Cal(large calorie (Int))4186.8 m2 kg s−2
FU(flux unit)10−26 kg s−2
G(gauss)0.0001 kg s−2 A−1
Gal(gal)0.01 m s−2
Gb(gilbert)0.795774715459 A
Mx(maxwell)10−8 m2 kg s−2 A−1
Oe(oersted)79.5774715459 m−1 A
R(mile)0.000258 kg−1 s A
St(stokes)0.0001 m2 s−1
Torr(torr)133.322368421 m−1 kg s−2
USfl_oz(fluid ounce (US))2.95735295625×10−5 m3
USgal(gallon (US))0.003785411784 m3


Table C.8: Custom Units – continued
UnitNameValue
WU(WSRT flux unit)5× 10−29 kg s−2
abA(abampere)10 A
abC(abcoulomb)10 s A
abF(abfarad)109 m−2 kg−1 s4 A2
abH(abhenry)10−9 m2 kg s−2 A−2
abOhm(abohm)10−9 m2 kg s−3 A−2
abV(abvolt)10−8 m2 kg s−3 A−1
ac(acre)4046.8564224 m2
arcmin_2(square arcmin)8.46-2159499408×10−8 sr
arcsec_2(square arcsec)2.35044305391×10−11 sr
ata(technical atmosphere)98066.5 m−1.kg.s−2
atm(standard atmosphere)101325 m−1.kg.s−2
bar(bar)100000 m−1.kg.s−2
beam(undefined beam area)1 _
cal(calorie (Int))4.1868 m2 kg s−2
count(count)1 _
cwt(hundredweight)50.80234544 kg
deg_2(square degree)0.000304617419787 sr
dyn(dyne)10−5 m kg s−2
eV(electron volt)1.60217733×10−19 m2 kg s−2
erg(erg)10−7 m2 kg s−2
fl_oz(fluid ounce (Imp))2.84130488996×10−5 m3
ft(foot)0.3048 m
fu(flux unit)10−26 kg s−2
fur(furlong)201.168 m
gal(gallon (Imp))0.00454608782394 m3


Table C.8: Custom Units – continued
UnitNameValue
ha(hectare)10000 m2
hp(horsepower)745.7 m2 kg s−3
in(inch)0.0254 m
kn(knot (Imp))0.514773333333 m s−1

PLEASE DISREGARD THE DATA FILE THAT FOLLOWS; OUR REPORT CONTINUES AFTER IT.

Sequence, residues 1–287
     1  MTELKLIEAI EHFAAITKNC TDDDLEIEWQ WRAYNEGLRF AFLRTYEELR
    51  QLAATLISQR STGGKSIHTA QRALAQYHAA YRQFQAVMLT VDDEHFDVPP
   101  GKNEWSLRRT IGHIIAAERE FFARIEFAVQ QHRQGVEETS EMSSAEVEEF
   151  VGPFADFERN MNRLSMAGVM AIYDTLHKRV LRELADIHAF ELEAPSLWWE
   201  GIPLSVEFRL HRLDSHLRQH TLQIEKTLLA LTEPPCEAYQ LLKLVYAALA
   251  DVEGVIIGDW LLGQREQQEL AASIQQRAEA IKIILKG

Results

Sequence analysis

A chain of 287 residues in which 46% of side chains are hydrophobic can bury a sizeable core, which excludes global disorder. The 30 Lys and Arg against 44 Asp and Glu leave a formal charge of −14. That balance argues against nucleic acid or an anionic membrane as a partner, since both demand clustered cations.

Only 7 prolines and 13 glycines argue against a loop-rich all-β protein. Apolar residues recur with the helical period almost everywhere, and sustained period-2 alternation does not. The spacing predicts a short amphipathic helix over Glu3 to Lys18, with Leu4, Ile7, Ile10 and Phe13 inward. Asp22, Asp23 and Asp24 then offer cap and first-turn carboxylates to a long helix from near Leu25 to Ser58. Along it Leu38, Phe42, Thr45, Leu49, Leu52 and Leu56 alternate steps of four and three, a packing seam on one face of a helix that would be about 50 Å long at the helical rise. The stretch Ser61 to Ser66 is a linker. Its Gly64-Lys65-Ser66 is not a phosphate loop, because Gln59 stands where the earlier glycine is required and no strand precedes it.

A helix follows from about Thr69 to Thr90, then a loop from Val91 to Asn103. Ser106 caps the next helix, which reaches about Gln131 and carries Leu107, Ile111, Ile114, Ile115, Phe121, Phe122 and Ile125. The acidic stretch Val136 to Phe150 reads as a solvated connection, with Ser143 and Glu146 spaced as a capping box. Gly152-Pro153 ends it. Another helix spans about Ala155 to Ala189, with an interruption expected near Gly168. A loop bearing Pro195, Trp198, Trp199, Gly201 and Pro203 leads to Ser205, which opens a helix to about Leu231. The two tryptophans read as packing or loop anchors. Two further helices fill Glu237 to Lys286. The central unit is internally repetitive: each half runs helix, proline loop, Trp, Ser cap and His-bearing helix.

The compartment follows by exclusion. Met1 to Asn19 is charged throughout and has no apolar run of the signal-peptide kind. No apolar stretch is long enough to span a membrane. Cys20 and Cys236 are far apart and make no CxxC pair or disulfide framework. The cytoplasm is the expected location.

lambda(lambda)1 _
lb(pound (avoirdupois))0.45359237 kg
ly(light year)9.46073047×1015 m
mHg(metre of mercury)133322.387415 m−1 kg s−2
mile(mile)1609.344 m
n_mile(nautical mile (Imp))1853.184 m
oz(ounce (avoirdupois))0.028349523125 kg
pixel(pixel)1 _
sb(stilb)10000 m−2 cd
sq_arcmin(square arcmin)8.46159499408×10−8 sr
sq_arcsec(square arcsec)2.35044305391×10−11 sr
sq_deg(square degree)0.000304617419787 sr
statA(statampere)3.33564095198×10−10 A
statC(statcoulomb)3.33564095198×10−10 s A
statF(statfarad)1.11188031733×10−12 m−2 kg−1 s4 A2
statH(stathenry)899377374000 m2 kg s−2 A−2
statOhm(statohm)899377374000 m2 kg s−3 A−2
statV(statvolt)299.792458 m2 kg s−3 A−1
u(atomic mass unit)1.661×10−27  kg
yd(yard)0.9144 m
yr(year)31557600 s

C.6  Physical Constants

The physical constants included in CASA can be found in Table C.9.


Table C.9: Physical Constants
 
ConstantNameValue
pi3.14..3.14159
ee2.71..2.71828
clight vel.2.99792×108 m s−1
Ggrav. const6.67259×1011 N m2 kg−2
hPlanck const6.62608×10−34 J s
HIHI line1420.41 MHz
Rgas const8.31451 J K−1 mol−1
NAAvogadro #6.02214×1023 mol−1
eelectron charge1.60218×10−19 C
mpproton mass1.67262×10−27  kg
mp_memp/me1836.15
mu0permeability vac.1.25664×10−6 H m−1
eps0permittivity vac.1.60218×10−19 C
kBoltzmann const1.38066×10−23 J K−1
FFaraday const96485.3 C mol−1
meelectron mass9.10939×10−31  kg
reelectron radius2.8179e×10−15  m
a0Bohrs radius5.2918×10−11  m
R0solar radius6.9599×108  m
k2IAU grav. const20.000295912 AU3 d−2 S0−1